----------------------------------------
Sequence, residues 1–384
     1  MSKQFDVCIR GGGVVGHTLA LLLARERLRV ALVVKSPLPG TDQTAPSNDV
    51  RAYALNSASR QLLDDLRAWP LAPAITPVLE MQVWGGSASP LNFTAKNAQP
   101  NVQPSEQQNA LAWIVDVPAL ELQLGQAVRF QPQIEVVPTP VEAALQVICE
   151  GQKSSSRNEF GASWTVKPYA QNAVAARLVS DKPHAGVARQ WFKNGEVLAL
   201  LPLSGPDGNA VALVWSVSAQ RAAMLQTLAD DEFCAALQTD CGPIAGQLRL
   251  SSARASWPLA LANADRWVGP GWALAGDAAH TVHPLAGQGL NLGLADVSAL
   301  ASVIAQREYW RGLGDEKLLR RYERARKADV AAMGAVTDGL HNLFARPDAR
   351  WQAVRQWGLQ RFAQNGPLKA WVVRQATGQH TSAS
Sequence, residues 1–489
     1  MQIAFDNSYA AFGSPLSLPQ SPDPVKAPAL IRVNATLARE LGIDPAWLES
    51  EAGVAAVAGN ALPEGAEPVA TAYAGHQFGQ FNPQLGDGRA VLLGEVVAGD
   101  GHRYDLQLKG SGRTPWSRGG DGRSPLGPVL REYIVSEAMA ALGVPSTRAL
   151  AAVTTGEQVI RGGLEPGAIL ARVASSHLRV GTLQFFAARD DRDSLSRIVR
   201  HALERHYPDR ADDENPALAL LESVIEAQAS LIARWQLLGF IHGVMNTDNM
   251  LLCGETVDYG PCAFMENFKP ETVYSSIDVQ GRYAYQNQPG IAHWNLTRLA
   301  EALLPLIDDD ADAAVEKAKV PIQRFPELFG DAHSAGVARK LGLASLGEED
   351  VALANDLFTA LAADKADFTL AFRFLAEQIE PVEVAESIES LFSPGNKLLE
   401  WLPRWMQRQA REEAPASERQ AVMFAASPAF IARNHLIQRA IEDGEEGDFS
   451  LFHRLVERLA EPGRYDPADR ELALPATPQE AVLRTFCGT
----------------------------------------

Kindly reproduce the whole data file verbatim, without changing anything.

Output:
Sequence, residues 1–384
     1  MSKQFDVCIR GGGVVGHTLA LLLARERLRV ALVVKSPLPG TDQTAPSNDV
    51  RAYALNSASR QLLDDLRAWP LAPAITPVLE MQVWGGSASP LNFTAKNAQP
   101  NVQPSEQQNA LAWIVDVPAL ELQLGQAVRF QPQIEVVPTP VEAALQVICE
   151  GQKSSSRNEF GASWTVKPYA QNAVAARLVS DKPHAGVARQ WFKNGEVLAL
   201  LPLSGPDGNA VALVWSVSAQ RAAMLQTLAD DEFCAALQTD CGPIAGQLRL
   251  SSARASWPLA LANADRWVGP GWALAGDAAH TVHPLAGQGL NLGLADVSAL
   301  ASVIAQREYW RGLGDEKLLR RYERARKADV AAMGAVTDGL HNLFARPDAR
   351  WQAVRQWGLQ RFAQNGPLKA WVVRQATGQH TSAS
Sequence, residues 1–489
     1  MQIAFDNSYA AFGSPLSLPQ SPDPVKAPAL IRVNATLARE LGIDPAWLES
    51  EAGVAAVAGN ALPEGAEPVA TAYAGHQFGQ FNPQLGDGRA VLLGEVVAGD
   101  GHRYDLQLKG SGRTPWSRGG DGRSPLGPVL REYIVSEAMA ALGVPSTRAL
   151  AAVTTGEQVI RGGLEPGAIL ARVASSHLRV GTLQFFAARD DRDSLSRIVR
   201  HALERHYPDR ADDENPALAL LESVIEAQAS LIARWQLLGF IHGVMNTDNM
   251  LLCGETVDYG PCAFMENFKP ETVYSSIDVQ GRYAYQNQPG IAHWNLTRLA
   301  EALLPLIDDD ADAAVEKAKV PIQRFPELFG DAHSAGVARK LGLASLGEED
   351  VALANDLFTA LAADKADFTL AFRFLAEQIE PVEVAESIES LFSPGNKLLE
   401  WLPRWMQRQA REEAPASERQ AVMFAASPAF IARNHLIQRA IEDGEEGDFS
   451  LFHRLVERLA EPGRYDPADR ELALPATPQE AVLRTFCGT